Name: Eka Eyoh
Agency: Zodiac Management/ Muse Models NYC
Claim To Fame: Eyoh was able to become one of the original models for Savage Fenty and appear in the Pyer Moss x Reebok show before getting an agent. She has also appeared in campaigns for MAC,
Eka Eyoh leapt off a Midwestern conveyor belt “30 minutes outside the twin cities,” to find something “more.”
“Where I’m from, people live there, they start a family and then they just stay there. They don’t really expand,” she told HelloBeautiful.
The pre-prescribed path didn’t excite her. “For me, I was always like, I want to move to the big city. I want to learn. I want to just grow into like this bigger and better person and just see what I can do from there.” After a stint as a Wisconsin art student she moved home to Minnesota and began to formulate a plan to move to a city that offered more career options. “ It’s an amazing state, but I always knew, I don’t want to spend the rest of my life here,” she said.
Ambition wasn’t the only thing spurring her migration. “Living in Wisconsin, it’s very racist, it’s in the middle of nowhere. And I was just really depressed and I was like, I can’t even live here,” she revealed. She completed her degree at the University of Saint Paul while saving money from her position at a “government agency,” to relocate. “When I was 25, I graduated and I was sort of met with a decision. I can either stay in Minnesota and worked a nine to five in marketing and, you know, live that typical life here. Or I could take that leap of faith and move to New York city and become a model. And I was like, I’m 24, like it’s time, so I decided to take the leap of faith and move to New York City.”
Years after she made the decision she’d be laughing at pool parties in the Hamptons and smizing in lingerie ads in magazines, but first she’d have to hustle.
“When I moved here, I had this assumption that I was going to get signed right away and it was just going to be smooth,” she said. Despite moving to one of the most expensive cities in the world with only $6000 she knew stardom was coming. “I was going to have all these bookings. I was going to have all this work and photo shoots and I was just very optimistic, but I also was willing to put in the work. Unfortunately it took more than willingness to succeed. “When I finally moved here, I couldn’t get signed. I had photo shoots here and there, but for the most part, things were just not falling in place and then within like a couple months I ended up, I was broke,” she said. “I was just like maybe moving here and modeling just wasn’t a good decision.” Despite her doubts, she picked up extra work to support herself. “ I ran through my savings and I ended up getting a job in catering.”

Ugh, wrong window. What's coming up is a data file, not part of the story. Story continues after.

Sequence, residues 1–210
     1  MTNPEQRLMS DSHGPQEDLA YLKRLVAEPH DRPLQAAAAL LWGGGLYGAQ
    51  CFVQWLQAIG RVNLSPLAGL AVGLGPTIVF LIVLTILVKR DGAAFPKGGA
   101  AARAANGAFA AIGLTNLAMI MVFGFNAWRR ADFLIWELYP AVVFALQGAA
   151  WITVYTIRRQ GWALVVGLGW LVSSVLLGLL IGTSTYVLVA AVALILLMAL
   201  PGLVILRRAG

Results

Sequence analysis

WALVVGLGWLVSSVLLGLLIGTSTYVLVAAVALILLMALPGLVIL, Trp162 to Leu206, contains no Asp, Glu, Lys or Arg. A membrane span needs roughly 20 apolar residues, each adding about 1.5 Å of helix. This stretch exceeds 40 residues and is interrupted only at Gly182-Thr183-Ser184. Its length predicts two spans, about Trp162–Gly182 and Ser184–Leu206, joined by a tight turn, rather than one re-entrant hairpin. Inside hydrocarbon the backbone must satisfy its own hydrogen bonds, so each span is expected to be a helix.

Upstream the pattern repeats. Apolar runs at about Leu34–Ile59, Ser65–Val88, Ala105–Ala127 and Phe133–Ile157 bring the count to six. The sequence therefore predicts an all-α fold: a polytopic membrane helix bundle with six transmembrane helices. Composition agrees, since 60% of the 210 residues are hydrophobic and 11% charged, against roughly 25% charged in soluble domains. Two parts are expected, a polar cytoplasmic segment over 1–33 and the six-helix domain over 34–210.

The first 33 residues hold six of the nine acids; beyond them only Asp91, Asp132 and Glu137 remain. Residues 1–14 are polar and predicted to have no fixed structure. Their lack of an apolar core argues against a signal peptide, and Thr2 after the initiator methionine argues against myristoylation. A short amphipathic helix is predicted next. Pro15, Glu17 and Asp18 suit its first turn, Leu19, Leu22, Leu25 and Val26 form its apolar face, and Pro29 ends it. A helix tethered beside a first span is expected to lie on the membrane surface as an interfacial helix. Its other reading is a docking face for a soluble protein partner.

The gig put her closer to the modeling industry but the proximity represented cruel irony. “I was at these really big industry parties, serving people like me, appetizers and picking up trash.” The experience wasn’t what she purchased a one way ticket for.
“Back in Minnesota, I was just really manifesting as much as possible,” she continued. “But then when reality set in, I moved to none of that. I was like, here I am picking up trash. I did not even imagine that and then I fell into a really deep depression.”
She acknowledged, “this is not the life I want,” and continued to network with the people around her. Those efforts led to her getting discovered by a casting agent for Savage Fenty. “I went to the casting and then two days later they got back to me,” she said. She was then off to London where she manifested in a different setting. “I remember I was crying like tears of joy,” she revealed before admitting that the experience provided her “reassurance.” Later she would appear in shows for Pyer Moss, features in Vogue, and be signed to several agencies who would book her high profile work.
“You’re meant to be in New York city and you’re meant to be doing this, just keep going,” she recalled telling herself on the journey. The experiences confirmed she was capable of experiencing the life she had been desiring since she was a child. Knowing who she was helped her stay grounded through the challenges on the way and she wants to encourage other models to connect with themselves.
“I love to define myself outside of a model and I’ve been on that path,” she said. “I have models that ask me all the time, like how, like, what advice can you give me? And it’s kind of like an overwhelming question because they want to hear how to get signed,” she continued. She would rather focus on “how can I explain to them how important it is to be grounded or really know yourself before you stepped into this industry.” She hopes to work with an organization to emphasize the importance of that.
“I’d love to put together something to really help.”